HSI Washington, D.C. investigation leads to 28-month sentence for man who attempted to acquire military, dual-use technologies
WASHINGTON — An investigation conducted by Homeland Security Investigations (HSI) Washington, D.C., the FBI’s Washington field office and the U.S. Department of Commerce’s Office of Export Enforcement led to charges for multiple suspects for violations of the Arms Export Control Act and the International Emergency Economic Powers Act for their roles in separate schemes to procure and export U.S. technology to Iran.
A federal court in Washington, D.C. unsealed two indictments March 21 charging Amanallah Paidar, of Iran, and Murat Bükey, of Turkey, with conspiring to procure and export sensitive U.S. technology for Iran through their companies, Farazan Industrial Engineering in Iran and Ozon Spor Ve Hobbi Ürünleri in Turkey. In connection with those indictments, the Department of Treasury’s Office of Foreign Assets Control designated three suspects and four entities for their involvement in the procurement of equipment that supports Iran’s unmanned aerial vehicle and weapons programs.
According to the joint investigation, Paidar and Bükey exported from the United States and transshipped through Turkey a device that can test fuel cells’ efficacy and power and attempted to obtain a bio-detection system that has potential application in weapons of mass destruction research and use.
Bükey, who was extradited to the United States from Spain in July 2022, pleaded guilty in December 2022 to conspiring to violate the Arms Export Control Act and the International Emergency Economic Powers Act. He was sentenced March 20 in the U.S. District Court for the District of Columbia to 28 months in prison with credit for time served. He will be removed from the United States after completing his sentence.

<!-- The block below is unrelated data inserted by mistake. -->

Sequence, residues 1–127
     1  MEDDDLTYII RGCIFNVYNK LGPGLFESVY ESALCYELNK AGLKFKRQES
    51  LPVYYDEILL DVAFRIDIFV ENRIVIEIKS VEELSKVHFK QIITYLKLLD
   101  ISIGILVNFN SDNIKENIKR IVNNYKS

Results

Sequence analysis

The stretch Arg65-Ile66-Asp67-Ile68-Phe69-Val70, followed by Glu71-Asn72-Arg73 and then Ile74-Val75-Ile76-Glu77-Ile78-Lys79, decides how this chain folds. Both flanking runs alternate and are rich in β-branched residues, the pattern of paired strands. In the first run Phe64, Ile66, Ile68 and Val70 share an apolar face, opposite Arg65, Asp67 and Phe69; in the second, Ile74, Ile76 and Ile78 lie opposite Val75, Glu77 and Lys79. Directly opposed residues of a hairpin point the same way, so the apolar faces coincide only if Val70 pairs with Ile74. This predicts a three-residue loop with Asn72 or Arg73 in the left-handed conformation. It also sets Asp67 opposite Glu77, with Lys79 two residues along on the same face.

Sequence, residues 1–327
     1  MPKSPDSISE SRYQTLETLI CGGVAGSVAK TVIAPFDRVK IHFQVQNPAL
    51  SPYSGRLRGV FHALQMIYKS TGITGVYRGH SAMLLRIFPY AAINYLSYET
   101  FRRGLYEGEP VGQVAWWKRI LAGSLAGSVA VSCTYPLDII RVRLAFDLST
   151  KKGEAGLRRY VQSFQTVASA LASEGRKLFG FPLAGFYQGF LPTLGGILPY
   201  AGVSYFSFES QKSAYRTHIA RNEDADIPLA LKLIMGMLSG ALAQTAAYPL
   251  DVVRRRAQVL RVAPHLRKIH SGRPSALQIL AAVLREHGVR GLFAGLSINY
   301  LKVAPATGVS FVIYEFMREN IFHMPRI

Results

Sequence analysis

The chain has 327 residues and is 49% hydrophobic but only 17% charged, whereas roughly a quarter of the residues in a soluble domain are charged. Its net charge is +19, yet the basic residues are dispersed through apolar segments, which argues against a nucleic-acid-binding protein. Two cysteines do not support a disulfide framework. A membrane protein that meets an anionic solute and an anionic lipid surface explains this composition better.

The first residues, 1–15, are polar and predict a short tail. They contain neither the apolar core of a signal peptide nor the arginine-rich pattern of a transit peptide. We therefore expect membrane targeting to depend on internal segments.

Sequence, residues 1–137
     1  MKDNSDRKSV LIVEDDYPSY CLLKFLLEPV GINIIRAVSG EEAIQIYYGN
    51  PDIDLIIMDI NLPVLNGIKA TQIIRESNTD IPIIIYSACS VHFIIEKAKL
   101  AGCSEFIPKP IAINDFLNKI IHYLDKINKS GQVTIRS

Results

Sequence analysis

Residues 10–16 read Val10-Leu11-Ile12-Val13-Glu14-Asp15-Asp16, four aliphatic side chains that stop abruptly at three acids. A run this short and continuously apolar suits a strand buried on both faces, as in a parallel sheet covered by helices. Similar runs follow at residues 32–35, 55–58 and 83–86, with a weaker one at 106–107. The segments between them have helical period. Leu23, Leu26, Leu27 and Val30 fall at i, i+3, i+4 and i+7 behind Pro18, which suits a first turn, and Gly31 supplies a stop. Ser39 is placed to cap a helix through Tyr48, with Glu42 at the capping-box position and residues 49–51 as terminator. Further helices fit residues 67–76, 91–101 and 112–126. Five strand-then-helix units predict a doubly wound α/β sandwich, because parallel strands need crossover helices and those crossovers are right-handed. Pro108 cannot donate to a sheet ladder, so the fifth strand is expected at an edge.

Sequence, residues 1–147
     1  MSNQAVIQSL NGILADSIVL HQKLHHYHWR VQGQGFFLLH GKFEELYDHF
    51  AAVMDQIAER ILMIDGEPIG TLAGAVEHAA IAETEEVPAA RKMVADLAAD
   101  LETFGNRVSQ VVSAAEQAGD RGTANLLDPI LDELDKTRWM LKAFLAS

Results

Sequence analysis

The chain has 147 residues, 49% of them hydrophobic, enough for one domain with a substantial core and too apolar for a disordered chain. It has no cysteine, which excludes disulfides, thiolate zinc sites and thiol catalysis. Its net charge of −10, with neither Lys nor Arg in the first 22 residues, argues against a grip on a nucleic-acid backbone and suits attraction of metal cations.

Paidar is a fugitive and remains at large.
“The sentencing of Murat Bükey and the charging of four others with conspiring to illegally export technologies and goods to Iran demonstrates our determination to hold those who attempt to circumvent U.S. export laws and sanctions accountable,” said FBI Washington Assistant Director in Charge David Sundberg. “Export controls exist to protect the security of the United States and its people, and we will aggressively investigate those who threaten our national security by violating these laws. We are grateful to our international partners for their assistance in dismantling this scheme and bringing the defendant to justice.”
The investigation revealed that between 2005 and 2009, defendants Agshar Mahmoudi of Iran, Bahram Mahmoudi Mahmoud Alilou of Iran and Shahin Golshani of the United Arab Emirates conspired to obtain U.S. technology. The technology they conspired to obtain included a high-speed camera that has nuclear and ballistic missile testing applications, a nose landing gear assembly for an F-5 fighter jet and a meteorological sensor system through their companies — Aran Modern Devices Kish Company in Iran and Modern Technologies in the United Arab Emirates. The defendants are fugitives and remain at large.
“These defendants sought to obtain valuable U.S.-origin goods that could assist Iran’s military and WMD aspirations, and in some instances, they were successful,” said U.S. Attorney Matthew M. Graves for the District of Columbia. “The U.S. Attorney’s Office for the District of Columbia and our federal law enforcement partners will zealously pursue those who break these laws and harm our national security interests, regardless of where in the world they operate."
The joint investigation that led to these charges was conducted by HSI Washington, D.C., the FBI’s Washington field office and the Commerce Department’s Bureau of Industry’s Office of Export Enforcements’ Washington field office, with significant assistance from the U.S. Attorney’s Office for Washington, D.C., the U.S. Department of Justice, the Department of Treasury’s Office of Foreign Assets Control and the FBI’s Counterintelligence Division.
HSI is the principal investigative arm of the U.S. Department of Homeland Security (DHS), responsible for investigating transnational crime and threats, specifically those criminal organizations that exploit the global infrastructure through which international trade, travel, and finance move. HSI’s workforce of more than 8,700 employees consists of more than 6,000 special agents assigned to 237 cities throughout the United States, and 93 overseas locations in 56 countries. HSI’s international presence represents DHS’s largest investigative law enforcement presence abroad and one of the largest international footprints in U.S. law enforcement.